Back in 2014, the Khabarovsk beatmaker RJB (РЖБ) was asked about his involvement in a new Russian film, documenting domestic DJ culture. "The movie's not actually about beatmaking," he responded. "If I'm honest, I was kinda skeptical about the project to begin with. By the guys involved turned out to be both professional and serious––plus they were running on pure enthusiasm! Judging by the footage I've seen thus far, I think the final result will be great." That same laudable output, however, would not come quickly.
The feature in question is called "Turn the Record Over" (Переверни пластинку!) and jointly directed by Roman Naveskin and Stepan Polivanov. Evolving from the staff roster at Koster [Bonfire] Records in Saint Petersburg, the movie's crew would ultimately focus on the vinyl of Moscow's scene instead. Shooting the required footage took a year and a half. Then came the post-production work. Neither goal was reached with speed.
Various local heroes in the context of today's vinyl culture
Only on May 1, 2016 would a Facebook post declare: "Hey guys! The film is finally READY! AFTER TWO YEARS OF SHOOTING AND EDITING. We're so sorry that nothing worked out in 2014... At long last, we've managed to bring various local heroes together, all in the context of today's vinyl culture––even if those people had very different world-views." RJB had correctly judged the film in terms of quality––to the point where perfectionism had sometimes slowed progression.
An intense affection for vinyl, expressed today by DJs and beatmakers alike, immediately recalls a riskier love affair with 78s, singles, and LPs from the Soviet years. The USSR black market in Western entertainment had been fueled by vinyl, offering braver citizens a chance to enjoy deeply moving, international sound. Given the persistent problems with such "underground" activities, even today, Naveskin and Polivanov would discern some sad parallels between socialist attitudes and governmental clampdowns in 2017. Various events that unfolded during the filming process looked like Soviet oppression. Police raids were conducted on urban raves; the ruble collapsed as a result of "intervention" in Ukraine; and Moscow's vitally important Solyanka club fell victim to bureaucratic skullduggery.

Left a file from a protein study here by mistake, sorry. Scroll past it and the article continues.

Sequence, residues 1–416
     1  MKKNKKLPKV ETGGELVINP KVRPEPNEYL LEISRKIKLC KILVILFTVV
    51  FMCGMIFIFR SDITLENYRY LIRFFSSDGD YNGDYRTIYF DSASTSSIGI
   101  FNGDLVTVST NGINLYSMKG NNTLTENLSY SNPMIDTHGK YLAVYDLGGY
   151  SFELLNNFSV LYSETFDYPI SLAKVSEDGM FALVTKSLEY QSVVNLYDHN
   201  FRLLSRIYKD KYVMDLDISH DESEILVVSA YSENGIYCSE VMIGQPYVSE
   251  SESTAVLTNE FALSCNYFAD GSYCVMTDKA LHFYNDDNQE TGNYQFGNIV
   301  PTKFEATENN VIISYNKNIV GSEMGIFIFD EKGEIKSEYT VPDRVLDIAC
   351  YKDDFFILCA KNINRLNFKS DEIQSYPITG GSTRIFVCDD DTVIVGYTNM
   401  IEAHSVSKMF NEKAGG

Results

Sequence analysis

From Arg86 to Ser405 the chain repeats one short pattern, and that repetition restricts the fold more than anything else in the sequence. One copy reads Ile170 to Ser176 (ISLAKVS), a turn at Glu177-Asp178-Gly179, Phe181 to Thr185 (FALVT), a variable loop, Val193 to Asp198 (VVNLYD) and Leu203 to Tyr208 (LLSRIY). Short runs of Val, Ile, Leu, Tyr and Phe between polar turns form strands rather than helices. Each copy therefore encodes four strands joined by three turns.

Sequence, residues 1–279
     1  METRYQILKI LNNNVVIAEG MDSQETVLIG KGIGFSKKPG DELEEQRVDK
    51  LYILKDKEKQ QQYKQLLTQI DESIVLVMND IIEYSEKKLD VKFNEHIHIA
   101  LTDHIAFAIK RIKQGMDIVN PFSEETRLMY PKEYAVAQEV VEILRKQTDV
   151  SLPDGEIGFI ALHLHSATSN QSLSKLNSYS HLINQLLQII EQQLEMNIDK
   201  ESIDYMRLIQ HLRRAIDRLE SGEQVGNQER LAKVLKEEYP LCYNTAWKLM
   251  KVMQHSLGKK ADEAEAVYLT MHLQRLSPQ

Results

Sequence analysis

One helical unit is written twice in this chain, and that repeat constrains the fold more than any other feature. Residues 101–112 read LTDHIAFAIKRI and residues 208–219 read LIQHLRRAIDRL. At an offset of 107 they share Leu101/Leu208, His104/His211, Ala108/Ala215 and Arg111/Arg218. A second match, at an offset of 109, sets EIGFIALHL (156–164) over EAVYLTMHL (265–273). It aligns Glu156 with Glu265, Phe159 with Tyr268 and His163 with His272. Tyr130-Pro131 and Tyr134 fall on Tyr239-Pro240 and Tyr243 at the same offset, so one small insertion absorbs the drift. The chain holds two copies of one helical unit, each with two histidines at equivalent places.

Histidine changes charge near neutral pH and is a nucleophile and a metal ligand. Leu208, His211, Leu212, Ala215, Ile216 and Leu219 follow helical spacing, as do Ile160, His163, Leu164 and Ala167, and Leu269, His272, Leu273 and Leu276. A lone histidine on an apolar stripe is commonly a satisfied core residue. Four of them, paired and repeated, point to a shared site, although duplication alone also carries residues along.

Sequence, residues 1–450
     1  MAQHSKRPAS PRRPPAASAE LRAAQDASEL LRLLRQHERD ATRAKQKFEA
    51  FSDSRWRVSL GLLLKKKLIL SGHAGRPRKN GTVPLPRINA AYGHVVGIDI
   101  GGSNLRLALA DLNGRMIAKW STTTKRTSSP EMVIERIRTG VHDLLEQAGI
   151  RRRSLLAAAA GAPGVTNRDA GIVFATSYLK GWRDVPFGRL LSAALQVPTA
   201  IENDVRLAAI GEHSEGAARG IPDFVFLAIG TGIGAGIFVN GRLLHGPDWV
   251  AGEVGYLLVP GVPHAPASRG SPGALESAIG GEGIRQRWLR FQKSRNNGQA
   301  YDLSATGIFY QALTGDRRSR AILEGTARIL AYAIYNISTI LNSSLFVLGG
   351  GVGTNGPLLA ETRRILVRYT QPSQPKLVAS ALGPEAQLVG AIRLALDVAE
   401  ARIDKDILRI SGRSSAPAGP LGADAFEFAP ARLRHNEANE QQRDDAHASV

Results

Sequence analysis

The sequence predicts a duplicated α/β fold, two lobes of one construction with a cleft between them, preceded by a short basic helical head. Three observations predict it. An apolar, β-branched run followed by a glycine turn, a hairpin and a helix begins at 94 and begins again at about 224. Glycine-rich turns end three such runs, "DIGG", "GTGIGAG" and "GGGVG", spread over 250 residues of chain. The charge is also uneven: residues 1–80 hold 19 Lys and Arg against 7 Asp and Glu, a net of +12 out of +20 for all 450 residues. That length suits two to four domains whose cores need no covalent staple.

This embedding of club/dance culture in Russian modernity––as a reliable cultural barometer––leads us not only to the passionate documentarians of "Turn the Record Over"; it also inspires new performers to try their hand at music-making. Especially online, where countless programs for music production, creation, and performance can be found on torrent sites. And that, in turn, prompts a discussion of young institutions like the Spektral Music Academy in Krasnodar––where inspired amateurs come together.
The Academy declares its current mission in no uncertain terms: "We are a creative laboratory, studying new creative methods in today's musical culture. We run experiments in the the field of applied sound design––which in turn help to shape our seminars, conferences, and master classes. In short, we both build virtual instruments [together with our students] and create soundscapes for dance floors, festivals, and art installations."
A wide range of academic topics at Spektral is designed to support both established professionals and enthused amateurs––precisely because of the romance celebrated in "Turn the Record Over." Whereas illegal Western vinyl once allowed those romantics to escape quotidian drudgery behind locked doors, today's software makes sonic reverie even more subjective. Rather than choosing one's private soundtrack from a stack of 45s, callow artists can design it from scratch. The DIY musician becomes both author and audience; escapism becomes a bespoke craft. Any need for external, social narratives is reduced, if not removed completely.
An atmosphere of both peace and progress (Arbiem)
And so we read: "Spektral offers a unique, immediate introduction to the secrets of today's electronic music––at home. You will both grasp fundamental techniques and improve your live performance. Not to mention our lectures on how to actually publish your tracks. Whether you're a producer or somebody who's just planning to launch their own label, Spektral can help."
Today, in celebration of the Academy's twelfth anniversary, a compilation has appeared, called "SPEKTRAL VA MIDItation." It includes a number of local talents, four of whom we consider here, together with graduates or domestic luminaries such as Arbiem––otherwise known as Vladimir Daronkin from Saint Petersburg.
Since we first encountered his work several years ago, Daronkin has invested much time and effort in hiding from all forms of self-promotion. "I merely offers a combination of melancholy motifs with deep bass-lines and some unobtrusive, occasionally lively melodies." He then shifts briefly from the third person into the first: "Without any lofty words about the 'distinctive features' of my music, I'd like to point out why I prefer mixing several emotional states in a single track. Whenever they're interwoven, those contrasting emotions help to form a special atmosphere of both peace and progress."
Maintaining this appealing, yet extremely abstract tone, he concludes: "I'm not claiming to have created anything terribly new. I just trying to help incompatible elements co-exist."